Outrage 2.0: Quentin Tarantino's 'Django Unchained' Sparks Complaints About Violence, N-word Use

Outrage 2.0: Quentin Tarantino's 'Django Unchained' Sparks Complaints About Violence, N-word Use

The latest Quentin Tarantino film has violence, lots of it, and features more than 100 uses of the “N-word.”

Stop … the presses?

“Django Unchained,” set for a Christmas Day release date, has Tarantino once more in the culture war cross hairs. The Drudge Report prominently featured the film’s liberal use of the n-word this week. Other media outlets are questioning that along with the copious violence on screen.

Tarantino’s early films, like “Pulp Fiction” and “Reservoir Dogs,” redefined screen violence. His 1997 mash note to the Blaxploitation era, “Jackie Brown,” used the n-word so frequently director Spike Lee lodged a public complaint about it.

This isn’t a matter of a stand-up comic berating an audience member with racial slurs. Nor does the subject matter – slavery – prevent Tarantino from showing the violent nature of the material.

The debate does cast the new film “Hitchcock” in an intriguing light. The Alfred Hitchcock biopic recalls the legendary director’s battle to bring “Psycho” to the big screen. Back in the early 1960s, filmmakers had to adhere to the dictates of the Motion Picture Production Code. According to the film, that meant the iconic director couldn’t show a knife plunging into actress Janet Leigh’s lovely skin, among other considerations.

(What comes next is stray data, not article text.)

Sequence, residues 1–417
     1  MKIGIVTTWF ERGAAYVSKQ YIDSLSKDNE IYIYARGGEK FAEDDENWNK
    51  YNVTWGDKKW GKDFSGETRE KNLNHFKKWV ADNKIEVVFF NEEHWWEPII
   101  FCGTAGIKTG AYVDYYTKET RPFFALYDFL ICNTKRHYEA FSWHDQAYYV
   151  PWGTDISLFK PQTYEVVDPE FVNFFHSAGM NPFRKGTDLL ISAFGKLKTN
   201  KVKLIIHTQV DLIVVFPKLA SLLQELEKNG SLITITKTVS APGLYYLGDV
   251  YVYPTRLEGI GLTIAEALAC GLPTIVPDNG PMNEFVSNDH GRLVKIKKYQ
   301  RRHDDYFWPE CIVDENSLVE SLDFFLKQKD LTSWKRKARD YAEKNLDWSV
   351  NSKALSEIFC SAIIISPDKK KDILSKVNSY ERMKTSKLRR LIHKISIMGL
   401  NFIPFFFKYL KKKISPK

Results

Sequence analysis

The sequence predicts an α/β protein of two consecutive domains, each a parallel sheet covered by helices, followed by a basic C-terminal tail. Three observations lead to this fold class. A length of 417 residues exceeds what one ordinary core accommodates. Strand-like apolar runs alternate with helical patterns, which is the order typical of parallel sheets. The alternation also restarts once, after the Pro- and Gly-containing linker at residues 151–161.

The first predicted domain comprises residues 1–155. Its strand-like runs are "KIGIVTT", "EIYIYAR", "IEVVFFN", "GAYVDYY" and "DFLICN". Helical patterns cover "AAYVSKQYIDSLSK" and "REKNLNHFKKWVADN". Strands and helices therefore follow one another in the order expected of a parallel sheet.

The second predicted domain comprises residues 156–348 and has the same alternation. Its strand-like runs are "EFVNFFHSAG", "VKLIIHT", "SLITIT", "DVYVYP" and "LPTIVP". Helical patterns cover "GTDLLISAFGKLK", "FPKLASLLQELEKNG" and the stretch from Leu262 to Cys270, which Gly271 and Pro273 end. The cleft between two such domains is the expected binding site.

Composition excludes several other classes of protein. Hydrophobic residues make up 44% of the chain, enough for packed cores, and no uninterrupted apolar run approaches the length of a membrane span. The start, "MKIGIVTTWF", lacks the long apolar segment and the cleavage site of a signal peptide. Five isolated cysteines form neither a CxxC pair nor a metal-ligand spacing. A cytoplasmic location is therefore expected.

Think the creators of “Saw” would survive in that era of Hollywood?

Tarantino is a supremely gifted filmmaker, albeit one who appears incapable of editing his own greatness. When he embraces violence, he does so without flinching. The same holds true for his use of ugly language when he deems it appropriate.

Audiences will start deciding come Dec. 25 if his approach for “Django Unchained” is offensive or darn appropriate for the story at hand.

Comment count on this article reflects comments made on Breitbart.com and Facebook. Visit Breitbart's Facebook Page.